The financial crisis has exploded plenty of long-held beliefs, including the idea that mortgage debt is a risk-free investment. But nothing has shaken the articles of faith that underpin another massive debt market: municipal bonds. Investors in municipal bonds don’t have to worry about a thing, the thinking goes, because the states and cities that issue them will do anything to avoid reneging on their obligations—and even if they fail, surely Washington will step in and save investors from big losses.

These are dangerous assumptions. Just as with mortgages, the very fact that investors place unlimited faith in a market could eventually destroy that market. If investors believe that they take no risk, they will lend states and cities far too much—so much that these borrowers won’t be able to repay their obligations while maintaining a reasonable level of public services. The investors, then, could help bankrupt state and local governments—and take massive losses in the process. To avoid that scenario, investors must take a long, hard look at what they’re doing. Where state and local finances are untenable, they should stop throwing good money after bad.

You might think that municipal bonds would have lost their low-risk reputation. In the past two tumultuous years, tax revenues have plummeted by double-digit percentages, and state and local governments have struggled to close historic deficits. Nationwide, they face cash operating gaps of $200 billion, or 15 percent of their budgets, through 2011. Big spenders have shown no sign of cutting costs in line with a new reality. Ordinarily, if a borrower is in such straits, lenders start thinking twice about lending it yet more money: Who’s to say that the borrower won’t declare bankruptcy and default on its obligations?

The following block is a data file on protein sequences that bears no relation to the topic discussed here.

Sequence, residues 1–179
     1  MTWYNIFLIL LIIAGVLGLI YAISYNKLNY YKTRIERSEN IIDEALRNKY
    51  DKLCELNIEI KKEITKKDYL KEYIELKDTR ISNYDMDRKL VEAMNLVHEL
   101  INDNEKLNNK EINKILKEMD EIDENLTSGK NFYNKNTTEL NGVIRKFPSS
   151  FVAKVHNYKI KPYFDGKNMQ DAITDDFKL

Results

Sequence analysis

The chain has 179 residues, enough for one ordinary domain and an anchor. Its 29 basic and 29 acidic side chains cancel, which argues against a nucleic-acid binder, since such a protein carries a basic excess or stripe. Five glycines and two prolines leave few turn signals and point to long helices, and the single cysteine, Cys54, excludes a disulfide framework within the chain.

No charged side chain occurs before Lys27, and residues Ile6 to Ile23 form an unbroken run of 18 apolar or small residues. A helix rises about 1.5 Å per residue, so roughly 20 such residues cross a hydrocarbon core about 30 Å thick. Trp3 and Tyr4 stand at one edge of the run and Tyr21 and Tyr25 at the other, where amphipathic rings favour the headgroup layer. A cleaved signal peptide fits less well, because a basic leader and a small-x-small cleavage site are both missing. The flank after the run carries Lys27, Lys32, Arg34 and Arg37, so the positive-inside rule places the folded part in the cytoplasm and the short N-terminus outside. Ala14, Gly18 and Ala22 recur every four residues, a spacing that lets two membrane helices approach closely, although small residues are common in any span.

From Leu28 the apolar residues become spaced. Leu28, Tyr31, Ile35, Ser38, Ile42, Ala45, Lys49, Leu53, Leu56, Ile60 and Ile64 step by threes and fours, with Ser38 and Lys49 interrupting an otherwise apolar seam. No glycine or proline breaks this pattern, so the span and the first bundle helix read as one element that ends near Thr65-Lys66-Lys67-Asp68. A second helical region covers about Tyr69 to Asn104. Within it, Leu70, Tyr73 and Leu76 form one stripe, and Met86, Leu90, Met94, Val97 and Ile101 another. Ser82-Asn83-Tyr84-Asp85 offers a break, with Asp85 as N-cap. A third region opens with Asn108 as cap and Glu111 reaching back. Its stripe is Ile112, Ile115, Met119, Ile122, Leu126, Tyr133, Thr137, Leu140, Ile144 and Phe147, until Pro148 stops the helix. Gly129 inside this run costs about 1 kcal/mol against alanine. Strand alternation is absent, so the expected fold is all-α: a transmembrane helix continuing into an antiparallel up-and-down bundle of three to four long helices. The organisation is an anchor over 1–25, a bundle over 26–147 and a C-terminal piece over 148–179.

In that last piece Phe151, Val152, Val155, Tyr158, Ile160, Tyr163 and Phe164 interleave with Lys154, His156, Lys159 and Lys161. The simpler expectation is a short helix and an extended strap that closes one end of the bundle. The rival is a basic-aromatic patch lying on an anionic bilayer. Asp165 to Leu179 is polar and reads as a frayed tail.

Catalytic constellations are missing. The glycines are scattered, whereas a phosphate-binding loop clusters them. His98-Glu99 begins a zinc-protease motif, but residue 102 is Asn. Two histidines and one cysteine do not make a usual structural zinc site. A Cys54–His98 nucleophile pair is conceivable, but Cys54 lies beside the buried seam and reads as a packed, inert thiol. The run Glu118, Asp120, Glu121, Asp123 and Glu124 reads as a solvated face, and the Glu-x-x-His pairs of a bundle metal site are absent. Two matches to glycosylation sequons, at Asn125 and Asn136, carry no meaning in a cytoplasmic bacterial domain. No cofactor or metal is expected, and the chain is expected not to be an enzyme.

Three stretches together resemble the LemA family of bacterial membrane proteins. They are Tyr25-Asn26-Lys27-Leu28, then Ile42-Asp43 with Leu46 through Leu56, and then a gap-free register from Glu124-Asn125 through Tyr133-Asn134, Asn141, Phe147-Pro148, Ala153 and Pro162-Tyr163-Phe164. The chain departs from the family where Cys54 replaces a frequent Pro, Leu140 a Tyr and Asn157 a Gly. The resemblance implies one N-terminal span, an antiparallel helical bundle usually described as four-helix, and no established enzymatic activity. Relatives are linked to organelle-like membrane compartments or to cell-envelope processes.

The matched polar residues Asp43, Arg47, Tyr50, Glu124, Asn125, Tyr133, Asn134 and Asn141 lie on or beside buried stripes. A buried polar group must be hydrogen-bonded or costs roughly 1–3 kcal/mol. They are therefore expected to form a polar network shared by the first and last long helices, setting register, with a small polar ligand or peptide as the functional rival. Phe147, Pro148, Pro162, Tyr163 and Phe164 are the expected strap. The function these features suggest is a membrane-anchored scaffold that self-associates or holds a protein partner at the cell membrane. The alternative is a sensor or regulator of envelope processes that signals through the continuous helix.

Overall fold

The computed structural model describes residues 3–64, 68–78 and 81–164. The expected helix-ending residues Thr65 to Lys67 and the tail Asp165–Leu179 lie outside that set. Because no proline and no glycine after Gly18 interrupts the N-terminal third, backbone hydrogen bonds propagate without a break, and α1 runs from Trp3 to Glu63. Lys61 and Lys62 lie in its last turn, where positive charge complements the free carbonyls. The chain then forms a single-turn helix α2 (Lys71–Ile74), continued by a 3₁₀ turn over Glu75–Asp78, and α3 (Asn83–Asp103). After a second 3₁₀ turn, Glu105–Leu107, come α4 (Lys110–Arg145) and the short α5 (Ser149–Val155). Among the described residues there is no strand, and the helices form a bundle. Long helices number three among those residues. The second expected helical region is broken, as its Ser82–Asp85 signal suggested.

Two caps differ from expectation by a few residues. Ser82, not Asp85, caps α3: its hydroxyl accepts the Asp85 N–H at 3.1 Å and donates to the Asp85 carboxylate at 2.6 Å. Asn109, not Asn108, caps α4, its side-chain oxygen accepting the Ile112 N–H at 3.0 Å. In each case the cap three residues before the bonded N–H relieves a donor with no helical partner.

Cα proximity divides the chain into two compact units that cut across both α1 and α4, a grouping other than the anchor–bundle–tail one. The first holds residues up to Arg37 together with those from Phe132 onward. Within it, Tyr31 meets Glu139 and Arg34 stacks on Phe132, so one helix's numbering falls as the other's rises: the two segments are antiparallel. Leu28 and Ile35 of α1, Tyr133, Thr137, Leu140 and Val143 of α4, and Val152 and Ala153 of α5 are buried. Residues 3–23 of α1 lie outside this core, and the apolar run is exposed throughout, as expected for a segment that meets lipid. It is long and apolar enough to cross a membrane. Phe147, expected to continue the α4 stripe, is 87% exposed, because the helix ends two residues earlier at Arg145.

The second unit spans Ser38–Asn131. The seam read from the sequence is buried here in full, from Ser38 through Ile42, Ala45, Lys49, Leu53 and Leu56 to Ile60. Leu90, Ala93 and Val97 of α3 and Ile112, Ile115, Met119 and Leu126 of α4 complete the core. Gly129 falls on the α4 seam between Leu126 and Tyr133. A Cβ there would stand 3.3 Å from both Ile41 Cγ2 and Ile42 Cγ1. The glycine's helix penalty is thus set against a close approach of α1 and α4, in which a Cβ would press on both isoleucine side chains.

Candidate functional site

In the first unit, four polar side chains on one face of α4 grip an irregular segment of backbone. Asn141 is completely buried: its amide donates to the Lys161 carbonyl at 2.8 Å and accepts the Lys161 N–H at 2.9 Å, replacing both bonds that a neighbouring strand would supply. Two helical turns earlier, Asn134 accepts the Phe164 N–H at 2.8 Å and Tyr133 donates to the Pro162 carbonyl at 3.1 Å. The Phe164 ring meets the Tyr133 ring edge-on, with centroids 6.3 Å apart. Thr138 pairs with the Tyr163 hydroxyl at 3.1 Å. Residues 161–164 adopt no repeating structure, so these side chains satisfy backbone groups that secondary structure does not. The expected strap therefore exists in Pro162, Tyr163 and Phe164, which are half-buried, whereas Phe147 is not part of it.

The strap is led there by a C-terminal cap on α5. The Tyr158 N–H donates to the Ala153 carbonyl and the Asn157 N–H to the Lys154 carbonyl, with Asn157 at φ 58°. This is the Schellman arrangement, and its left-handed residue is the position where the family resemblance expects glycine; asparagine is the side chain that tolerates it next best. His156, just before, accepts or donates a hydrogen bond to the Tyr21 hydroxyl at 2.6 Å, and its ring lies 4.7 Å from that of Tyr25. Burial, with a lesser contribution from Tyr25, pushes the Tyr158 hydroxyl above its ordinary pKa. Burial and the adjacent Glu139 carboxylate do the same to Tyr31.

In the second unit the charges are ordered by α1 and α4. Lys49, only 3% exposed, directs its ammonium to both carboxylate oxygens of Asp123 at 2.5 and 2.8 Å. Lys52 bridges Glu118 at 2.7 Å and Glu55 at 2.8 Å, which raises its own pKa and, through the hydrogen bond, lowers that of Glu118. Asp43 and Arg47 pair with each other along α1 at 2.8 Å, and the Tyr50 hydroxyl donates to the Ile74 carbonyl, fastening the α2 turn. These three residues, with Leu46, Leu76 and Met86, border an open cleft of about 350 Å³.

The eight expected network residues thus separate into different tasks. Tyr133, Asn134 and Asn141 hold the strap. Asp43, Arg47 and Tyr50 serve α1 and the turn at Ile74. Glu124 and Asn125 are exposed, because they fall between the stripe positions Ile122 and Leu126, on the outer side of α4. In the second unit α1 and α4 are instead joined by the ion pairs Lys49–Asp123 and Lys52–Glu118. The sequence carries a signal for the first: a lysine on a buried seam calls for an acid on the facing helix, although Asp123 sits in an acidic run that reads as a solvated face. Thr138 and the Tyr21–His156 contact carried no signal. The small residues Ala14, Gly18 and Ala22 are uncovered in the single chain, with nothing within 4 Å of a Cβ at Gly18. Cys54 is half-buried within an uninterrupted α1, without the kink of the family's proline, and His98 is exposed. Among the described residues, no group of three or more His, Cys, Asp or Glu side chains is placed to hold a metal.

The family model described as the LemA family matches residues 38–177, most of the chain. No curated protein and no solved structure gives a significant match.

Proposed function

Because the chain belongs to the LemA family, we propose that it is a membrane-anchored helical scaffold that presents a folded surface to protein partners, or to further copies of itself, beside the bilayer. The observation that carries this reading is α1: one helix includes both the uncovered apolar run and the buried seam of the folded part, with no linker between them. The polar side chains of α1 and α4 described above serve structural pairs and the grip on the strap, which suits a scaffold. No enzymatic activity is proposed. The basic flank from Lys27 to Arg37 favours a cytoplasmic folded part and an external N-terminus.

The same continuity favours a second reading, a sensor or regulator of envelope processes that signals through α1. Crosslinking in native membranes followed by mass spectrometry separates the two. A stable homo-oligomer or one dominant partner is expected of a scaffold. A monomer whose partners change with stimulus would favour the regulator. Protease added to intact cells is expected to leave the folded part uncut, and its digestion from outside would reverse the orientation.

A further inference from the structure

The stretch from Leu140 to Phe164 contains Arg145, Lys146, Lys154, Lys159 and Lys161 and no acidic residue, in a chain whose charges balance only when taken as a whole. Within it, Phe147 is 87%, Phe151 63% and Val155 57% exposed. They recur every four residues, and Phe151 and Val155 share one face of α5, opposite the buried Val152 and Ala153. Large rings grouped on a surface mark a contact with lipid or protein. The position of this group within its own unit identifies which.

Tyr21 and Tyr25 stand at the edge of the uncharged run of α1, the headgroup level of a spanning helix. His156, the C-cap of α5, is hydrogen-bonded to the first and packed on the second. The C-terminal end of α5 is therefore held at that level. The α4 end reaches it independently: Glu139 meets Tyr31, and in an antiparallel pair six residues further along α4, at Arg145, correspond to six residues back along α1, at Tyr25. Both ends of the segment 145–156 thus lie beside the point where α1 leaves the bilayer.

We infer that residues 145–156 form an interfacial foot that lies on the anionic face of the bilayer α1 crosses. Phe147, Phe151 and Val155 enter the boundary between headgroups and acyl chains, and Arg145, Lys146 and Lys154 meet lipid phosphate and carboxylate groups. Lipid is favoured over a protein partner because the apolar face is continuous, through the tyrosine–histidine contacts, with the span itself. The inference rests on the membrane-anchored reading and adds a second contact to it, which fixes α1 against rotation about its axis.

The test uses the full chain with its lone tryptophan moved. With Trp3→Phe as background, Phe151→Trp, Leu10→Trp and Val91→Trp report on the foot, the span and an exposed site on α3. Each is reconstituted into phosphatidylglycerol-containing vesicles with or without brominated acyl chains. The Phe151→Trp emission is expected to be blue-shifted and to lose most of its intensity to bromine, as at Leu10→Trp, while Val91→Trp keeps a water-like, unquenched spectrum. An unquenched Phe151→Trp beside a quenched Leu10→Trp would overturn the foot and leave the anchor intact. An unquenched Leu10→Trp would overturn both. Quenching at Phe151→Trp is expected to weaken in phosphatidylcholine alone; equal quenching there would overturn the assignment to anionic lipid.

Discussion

Yet the industry’s gatekeepers still consider municipal bonds low-risk. “We do not expect that states will default on general-obligation debt, even under the most stressed economic conditions,” analysts at Moody’s, one of the three major credit ratings agencies, wrote in a February 2010 report. As for cities and towns, “we expect very few defaults in this sector given the tools that local governments have at their disposal.” The firm’s chief competitor, Standard and Poor’s, agrees.

Why are the ratings analysts so sanguine? First, they assume that states and cities will do anything to avoid default. As John V. Miller of Nuveen Asset Management told clients in 2009, “State and local governments have strong incentives to maintain access to the credit markets.” The main incentive, of course, is their desire to borrow more tomorrow, which depends on demonstrating that they would never renege on their obligations today.